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Actually there's some errors in that page. And in a couple of cases far more emphasis on a point than it deserves while ignoring other factors.

First off the heat is a BYPRODUCT of the slowing down and not the desired end in itself. Granted it is an unavoidable byproduct and the final balance of the physics is correct as they suggest (kinetic to thermal energy conversion) but nonetheless it's not the primary goal of the braking system to generate heat. The primary goal is to provide CONSISTENT friction in a reliable manner.

It also doesn't get into the coefficient of friction for the various materials and how these values change with varying temperatures. They only discuss the vapourizing of the bonding resins as being responsible for brake fade. But there's far more to it. The friction particles are what provides the friction and it's how they behave as the temperatures change that has far more bearing on how the pads behave than the bonding resins.

Besides, if the resins vapourized like they suggest then what the hell would hold the pads together after a while? Nope, the bonding resins are far more tolerant than they suggest. Although you CAN blame this outgassing on how some pads behave until they are "broken in". This effect is largely why some pads need to be fully heated to or beyond their normal operating temperature before they provide their best performance, ie; racing pads.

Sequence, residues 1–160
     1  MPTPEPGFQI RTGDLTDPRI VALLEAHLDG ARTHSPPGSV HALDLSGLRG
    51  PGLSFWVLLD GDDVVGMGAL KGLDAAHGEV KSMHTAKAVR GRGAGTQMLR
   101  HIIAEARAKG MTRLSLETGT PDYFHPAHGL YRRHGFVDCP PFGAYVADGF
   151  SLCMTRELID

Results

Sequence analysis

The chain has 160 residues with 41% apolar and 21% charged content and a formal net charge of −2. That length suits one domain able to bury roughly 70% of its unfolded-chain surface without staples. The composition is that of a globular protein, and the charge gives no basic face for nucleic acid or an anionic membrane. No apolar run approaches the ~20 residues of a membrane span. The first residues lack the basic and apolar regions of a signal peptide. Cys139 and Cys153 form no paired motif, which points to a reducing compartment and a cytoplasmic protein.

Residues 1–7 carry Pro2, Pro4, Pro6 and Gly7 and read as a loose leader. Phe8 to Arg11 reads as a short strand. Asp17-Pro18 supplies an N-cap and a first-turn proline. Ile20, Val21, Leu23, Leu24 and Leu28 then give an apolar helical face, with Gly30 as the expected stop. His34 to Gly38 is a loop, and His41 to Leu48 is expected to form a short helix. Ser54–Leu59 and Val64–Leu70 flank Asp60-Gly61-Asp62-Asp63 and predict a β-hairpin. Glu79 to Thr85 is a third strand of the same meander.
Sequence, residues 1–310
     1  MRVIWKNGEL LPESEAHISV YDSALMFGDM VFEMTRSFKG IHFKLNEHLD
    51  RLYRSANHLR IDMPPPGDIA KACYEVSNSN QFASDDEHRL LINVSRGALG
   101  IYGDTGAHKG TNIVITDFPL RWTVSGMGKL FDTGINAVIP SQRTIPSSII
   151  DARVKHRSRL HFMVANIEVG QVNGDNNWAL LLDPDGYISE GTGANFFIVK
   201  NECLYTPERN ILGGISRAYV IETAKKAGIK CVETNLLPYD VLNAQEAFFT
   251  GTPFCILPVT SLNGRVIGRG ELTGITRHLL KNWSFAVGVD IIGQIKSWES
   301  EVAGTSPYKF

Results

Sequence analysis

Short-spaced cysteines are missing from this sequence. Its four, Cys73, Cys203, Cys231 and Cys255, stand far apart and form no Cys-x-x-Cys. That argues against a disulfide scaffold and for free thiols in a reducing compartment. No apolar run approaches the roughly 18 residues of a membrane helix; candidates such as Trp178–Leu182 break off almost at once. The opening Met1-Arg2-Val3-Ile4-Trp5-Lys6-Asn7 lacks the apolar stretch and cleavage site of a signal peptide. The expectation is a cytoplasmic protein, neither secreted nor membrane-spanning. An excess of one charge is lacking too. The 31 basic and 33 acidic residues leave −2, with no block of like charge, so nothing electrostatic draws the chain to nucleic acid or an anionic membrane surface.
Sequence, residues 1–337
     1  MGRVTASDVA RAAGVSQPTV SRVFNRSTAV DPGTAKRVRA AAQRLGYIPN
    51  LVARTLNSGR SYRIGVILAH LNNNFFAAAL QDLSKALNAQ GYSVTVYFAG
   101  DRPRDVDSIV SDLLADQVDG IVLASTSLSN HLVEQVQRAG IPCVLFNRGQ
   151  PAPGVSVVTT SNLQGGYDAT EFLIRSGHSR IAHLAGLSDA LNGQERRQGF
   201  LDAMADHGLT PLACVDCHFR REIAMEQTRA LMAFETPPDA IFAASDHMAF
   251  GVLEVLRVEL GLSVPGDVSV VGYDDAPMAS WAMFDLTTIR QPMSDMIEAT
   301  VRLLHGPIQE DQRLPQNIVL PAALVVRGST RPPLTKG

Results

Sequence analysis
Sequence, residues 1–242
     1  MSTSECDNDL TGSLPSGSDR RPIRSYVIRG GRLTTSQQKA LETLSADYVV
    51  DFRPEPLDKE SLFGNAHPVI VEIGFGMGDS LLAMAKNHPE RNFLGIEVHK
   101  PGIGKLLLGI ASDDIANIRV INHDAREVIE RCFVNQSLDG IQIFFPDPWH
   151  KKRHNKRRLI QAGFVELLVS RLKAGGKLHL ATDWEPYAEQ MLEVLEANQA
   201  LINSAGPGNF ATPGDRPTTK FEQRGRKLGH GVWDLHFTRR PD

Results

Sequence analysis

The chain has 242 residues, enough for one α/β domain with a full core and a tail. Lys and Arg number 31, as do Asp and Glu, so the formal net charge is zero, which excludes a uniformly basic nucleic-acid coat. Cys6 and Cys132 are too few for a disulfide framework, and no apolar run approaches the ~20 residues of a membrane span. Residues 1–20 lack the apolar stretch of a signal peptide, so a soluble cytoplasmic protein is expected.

The description of the leading shoe drum design has some errors as well. In a single leading shoe design there is still two shoes but one is a leading shoe, where the pressure in put on the leading end of the shoe. The other show is a trailing shoe because the drum is rolling onto the fixed end and off the expanding end. They are right in that a leading shoe tends to be somewhat self energizing in that the rotation of the drum tends to want to push the shoe into harder contact. THis is why the twin or multi leading shoe designs were developed. However it also says that the single leading shoe design doesn't grab when you roll it backwards because of the leading shoe suddenly becoming a trailing shoe. But what about the trailing shoe that's now a leading shoe? Nope, their explanation doesn't fly. However they are right in that single action drums don't work well in reverse but it's for a different reason. Because the forces in a drum brake are largely and commonly in one direction the shoes take on a shape through wearing that works in that one direction as the shoes mate to the shapes and forces at work. This fit is CRITICAL to effective production of friction. When you roll the bike or car with these single leading shoe drums backwards and put on the brakes the shoes shift around just enough that they no longer mate up to the drum in quite the same way and you have far poorer friction for the amount of braking pressure. And THAT is why the single element drums are not as good.

THis is not to say that it's not a good article but the writer has too much emphasis on some parts while downplaying some others.

202 Posts
k good, i thought there was some stuff wrong, this is why i never fully trust anything from the net.

for god sakes, its not heat that slows anything down, like when you bail and slide on asphalt, its not the fact that your ass is now 80 degrees thats slows you down, but yes, it is the conversion of energy types as "energy can neither be created or destroyed", so its gotta go somewhere.....heat, and occasionally sound.
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